A Low Utilization Payment Adjustment (LUPA) is a way of paying home health providers on a per-visit basis when the number of actual home health visits falls below an established threshold. LUPA payments are not case-mix adjusted, but instead paid based on a national per-visit rate.
A partial episode payment (PEP) adjustment occurs anytime you discharge a patient and they then readmit back to your agency or to another home health agency during the 30-day period. A PEP also occurs when the patient elects to transfer to another home health agency. Instead of reimbursing your agency for the entire 30-day period, Medicare adjusts the payment to reflect the length of time the beneficiary was under your care.
CMS has mandated new guidelines for applying rural add-on payments for episodes and visits ending during CYs 2019 through 2022.
- Outlier payments are afforded to high therapy utilization patients who have episodes where cost of care exceeds the payment rate by the fixed loss threshold amount.
- Payments are made for episodes where the expected cost exceeds a specific threshold amount.
Some special discharge circumstances affect the payment home health agencies receive.
If a patient decides to receive hospice care before the end of the home health care episode, the agency will receive the full episode payment if there was no PEP adjustment or LUPA.
In the event of a patient death, the agency will receive the entire care episode payment unless the agency receives a LUPA.
No Longer Eligible
When the agency discharges a patient because they are no longer eligible for the Medicare Home Health Benefit, the agency will receive full payment for the care episode or a LUPA, if applicable.
Discontinuation of Services
If the agency discontinues services because of a patient’s refusal, a documented safety or abuse threat, or noncompliance, the agency will receive the full 30-day period of care payment unless a LUPA applies.
Home health agencies must provide written notice to patients when their Medicare-covered services are ending. If the patient files an appeal, then the health plan must deliver a detailed explanation of why services should end.
All medical supplies (routine and non-routine) must be provided by the home health agency while the patient is under a home health plan of care and are included in the base payment rate. Examples of supplies that can be considered non-routine include dressings for wound care, I.V. supplies, ostomy supplies, catheters, and catheter supplies.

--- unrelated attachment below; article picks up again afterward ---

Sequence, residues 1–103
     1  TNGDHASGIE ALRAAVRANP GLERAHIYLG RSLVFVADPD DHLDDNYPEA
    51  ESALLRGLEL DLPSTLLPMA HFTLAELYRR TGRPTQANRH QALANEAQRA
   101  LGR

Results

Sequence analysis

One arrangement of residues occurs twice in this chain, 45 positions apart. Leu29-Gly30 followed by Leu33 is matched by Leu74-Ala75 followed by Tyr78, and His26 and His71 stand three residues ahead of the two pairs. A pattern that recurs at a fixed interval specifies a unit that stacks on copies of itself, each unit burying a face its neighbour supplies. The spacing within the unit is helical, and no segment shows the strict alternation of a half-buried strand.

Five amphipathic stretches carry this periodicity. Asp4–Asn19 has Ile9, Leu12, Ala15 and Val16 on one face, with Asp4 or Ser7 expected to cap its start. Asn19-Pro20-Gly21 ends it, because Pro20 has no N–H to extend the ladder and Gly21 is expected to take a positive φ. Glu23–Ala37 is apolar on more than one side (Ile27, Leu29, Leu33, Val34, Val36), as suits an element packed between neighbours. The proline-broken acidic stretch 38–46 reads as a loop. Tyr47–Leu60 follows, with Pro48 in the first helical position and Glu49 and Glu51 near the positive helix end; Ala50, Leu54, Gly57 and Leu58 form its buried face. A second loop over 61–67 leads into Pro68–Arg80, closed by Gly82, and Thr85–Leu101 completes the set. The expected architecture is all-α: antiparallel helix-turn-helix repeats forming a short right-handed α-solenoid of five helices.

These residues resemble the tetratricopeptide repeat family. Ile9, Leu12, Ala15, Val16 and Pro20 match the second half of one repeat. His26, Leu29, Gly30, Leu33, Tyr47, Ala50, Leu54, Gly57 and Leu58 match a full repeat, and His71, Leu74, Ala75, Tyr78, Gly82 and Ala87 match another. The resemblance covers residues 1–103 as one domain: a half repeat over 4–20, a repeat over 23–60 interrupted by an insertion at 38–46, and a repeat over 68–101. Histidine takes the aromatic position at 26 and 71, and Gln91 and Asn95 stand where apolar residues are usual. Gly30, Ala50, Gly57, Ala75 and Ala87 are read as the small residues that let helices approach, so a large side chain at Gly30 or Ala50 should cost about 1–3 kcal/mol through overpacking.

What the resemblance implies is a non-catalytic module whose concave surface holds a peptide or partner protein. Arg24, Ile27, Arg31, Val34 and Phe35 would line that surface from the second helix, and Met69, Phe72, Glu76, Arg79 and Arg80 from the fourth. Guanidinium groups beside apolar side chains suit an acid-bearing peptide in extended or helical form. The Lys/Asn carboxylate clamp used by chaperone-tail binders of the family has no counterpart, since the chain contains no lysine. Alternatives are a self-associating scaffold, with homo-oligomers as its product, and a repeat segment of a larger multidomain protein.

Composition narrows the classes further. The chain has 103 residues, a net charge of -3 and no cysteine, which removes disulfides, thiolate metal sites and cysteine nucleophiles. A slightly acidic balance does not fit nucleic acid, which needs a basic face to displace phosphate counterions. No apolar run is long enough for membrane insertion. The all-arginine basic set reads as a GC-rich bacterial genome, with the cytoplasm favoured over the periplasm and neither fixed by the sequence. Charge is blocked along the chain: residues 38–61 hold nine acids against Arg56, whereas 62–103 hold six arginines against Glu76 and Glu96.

To account for patients with historically high supply costs, two of the twelve clinical groupings that were created have significant supply costs associated with them: wound care patients and patients in the complex nursing group.
Medicare requires all home health agencies to provide all covered home health services, whether directly or under arrangement, and bill for such covered home health services.
While osteoporosis drugs are included under consolidated billing, payment is not bundled into the period of care/episodic payment rate. Additionally, a separate payment will be made for negative-pressure wound therapy using a disposable device because it is excluded from the period of care/episodic rate and must be billed by the agency.
Finally, it is important to note that durable medical equipment (DME) and supplies covered as DME are not part of the home health rates or the consolidated billing requirements that govern Medicare home health reimbursement.
While you may not be directly involved in billing and other administrative tasks, knowing the Home Health Payment System, Medicare eligibility requirements, and the role of OASIS allows you to understand important requirements related to reimbursement. You should be mindful of how your actions and documentation affect reimbursement and use effective strategies for maximal impact.
*NOTE: Unless otherwise stated, information on the Home Health Payment System was sourced from Chapter 7, Home Health Services of the Medicare Benefit Policy Manual updated in 2019 by the Centers for Medicare and Medicaid Services, the CMS website Home Health Agency (HHA) Center, and the CMS Final Rule for home health.